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answer beauty beneath blow breath brow Camelot clear cloud cold comes crown dark dead Dear death deep door Dora dream drew earth eyes face fair fall fire floating flow flowers folds garden golden grave green grow hand happy hath head hear heard heart Heaven hills hold hour King kiss knew Lady land lean light lips live look memory mind moon morn mother move never night once Oriana pass Queen rest rise rolled rose round seemed shadow side silver sing sitting sleep slowly smile song soul sound speak spirit star stood stream sweet tears thee thine things thou thought till took turn Vere voice walk wall wander weary whole wild wind
Page 213 - If thou shouldst never see my face again, Pray for my soul. More things are wrought by prayer Than this world dreams of. Wherefore, let thy voice Rise like a fountain for me night and day.
Page 208 - What is it thou hast seen? or what hast heard?' And answer made the bold Sir Bedivere: 'I heard the ripple washing in the reeds, And the wild water lapping on the crag.
Page 214 - So said he, and the barge with oar and sail Moved from the brink, like some full-breasted swan That, fluting a wild carol ere her death, Ruffles her pure cold plume, and takes the flood With swarthy webs. Long stood Sir Bedivere Revolving many memories, till the hull Look'd one black dot against the verge of dawn, And on the mere the wailing died away.
Page 148 - There is sweet music here that softer falls Than petals from blown roses on the grass, Or night-dews on still waters between walls Of shadowy granite, in a gleaming pass; Music that gentlier on the spirit lies, Than tired eyelids upon tired eyes; Music that brings sweet sleep down from the blissful skies. Here are cool mosses deep, And thro...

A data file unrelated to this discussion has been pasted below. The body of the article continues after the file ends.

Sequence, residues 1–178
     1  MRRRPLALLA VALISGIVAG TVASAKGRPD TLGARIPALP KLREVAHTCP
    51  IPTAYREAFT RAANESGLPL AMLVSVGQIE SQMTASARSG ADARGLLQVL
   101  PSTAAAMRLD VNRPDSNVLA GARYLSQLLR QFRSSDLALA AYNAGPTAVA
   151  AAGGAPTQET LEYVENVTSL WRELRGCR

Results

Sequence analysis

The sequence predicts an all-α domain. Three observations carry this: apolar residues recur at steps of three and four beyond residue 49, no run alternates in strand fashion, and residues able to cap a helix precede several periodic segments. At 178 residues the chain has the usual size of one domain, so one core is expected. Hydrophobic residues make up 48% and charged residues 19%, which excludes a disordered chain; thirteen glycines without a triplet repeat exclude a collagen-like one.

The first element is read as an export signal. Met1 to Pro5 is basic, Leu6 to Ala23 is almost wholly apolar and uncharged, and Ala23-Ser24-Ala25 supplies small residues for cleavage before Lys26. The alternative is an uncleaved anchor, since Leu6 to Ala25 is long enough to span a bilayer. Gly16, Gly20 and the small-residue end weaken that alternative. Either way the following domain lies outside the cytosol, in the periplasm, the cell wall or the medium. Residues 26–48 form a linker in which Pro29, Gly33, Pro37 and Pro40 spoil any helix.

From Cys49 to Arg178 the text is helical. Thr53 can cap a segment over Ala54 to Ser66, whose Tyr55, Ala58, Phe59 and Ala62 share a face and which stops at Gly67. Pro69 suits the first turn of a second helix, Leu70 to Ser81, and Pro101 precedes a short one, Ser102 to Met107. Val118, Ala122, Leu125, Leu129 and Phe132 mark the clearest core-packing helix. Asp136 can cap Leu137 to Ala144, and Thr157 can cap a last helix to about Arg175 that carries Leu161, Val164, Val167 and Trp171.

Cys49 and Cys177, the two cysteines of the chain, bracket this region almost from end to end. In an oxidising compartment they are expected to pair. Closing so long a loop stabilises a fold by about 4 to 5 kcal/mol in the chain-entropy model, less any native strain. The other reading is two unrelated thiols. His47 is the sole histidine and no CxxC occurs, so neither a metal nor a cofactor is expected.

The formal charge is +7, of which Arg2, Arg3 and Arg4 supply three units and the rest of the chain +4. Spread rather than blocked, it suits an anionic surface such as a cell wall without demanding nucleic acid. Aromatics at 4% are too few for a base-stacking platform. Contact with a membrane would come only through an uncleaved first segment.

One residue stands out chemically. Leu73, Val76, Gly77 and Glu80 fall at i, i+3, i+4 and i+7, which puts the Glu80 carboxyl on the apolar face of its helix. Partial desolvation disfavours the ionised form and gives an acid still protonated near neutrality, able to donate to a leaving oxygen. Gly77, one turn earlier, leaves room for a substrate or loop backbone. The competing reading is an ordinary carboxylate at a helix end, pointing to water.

Page 210 - My wound hath taken cold, and I shall die." So saying, from the pavement he half rose, Slowly, with pain, reclining on his arm, And looking wistfully with wide blue eyes As in a picture. Him Sir Bedivere Remorsefully regarded thro...
Page 67 - ON either side the river lie Long fields of barley and of rye, That clothe the wold and meet the sky ; And thro' the field the road runs by To many-tower'd Camelot ; And up and down the people go, Gazing where the lilies blow Round an island there below, The island of Shalott. Willows whiten, aspens quiver, Little breezes dusk and shiver Thro...
Page 181 - em away. Old year, you must not go; So long as you have been with us, Such joy as you have seen with us, Old year, you shall not go.
Page 212 - So like a shatter'd column lay the King; Not like that Arthur who, with lance in rest, From spur to plume a star of tournament, Shot thro' the lists at Camelot, and charged Before the eyes of ladies and of kings.
Page 35 - Over its grave i' the earth so chilly ; Heavily hangs the hollyhock, Heavily hangs the tiger-lily. ii The air is damp, and hush'd, and close, As a sick man's room when he taketh repose An hour before death ; My very heart faints and my whole soul grieves At the moist rich smell of the rotting leaves, And the breath Of the fading edges of box beneath, And the year's last rose. Heavily hangs the broad...
Page 9 - Her tears fell with the dews at even; Her tears fell ere the dews were dried; She could not look on the sweet heaven, Either at morn or eventide. After the flitting of the bats, When thickest dark did trance the sky, She drew her casement-curtain by, And glanced athwart the glooming flats. 20 She only said, 'The night is dreary, He cometh not,' she said; She said, 'I am aweary, aweary, I would that I were dead!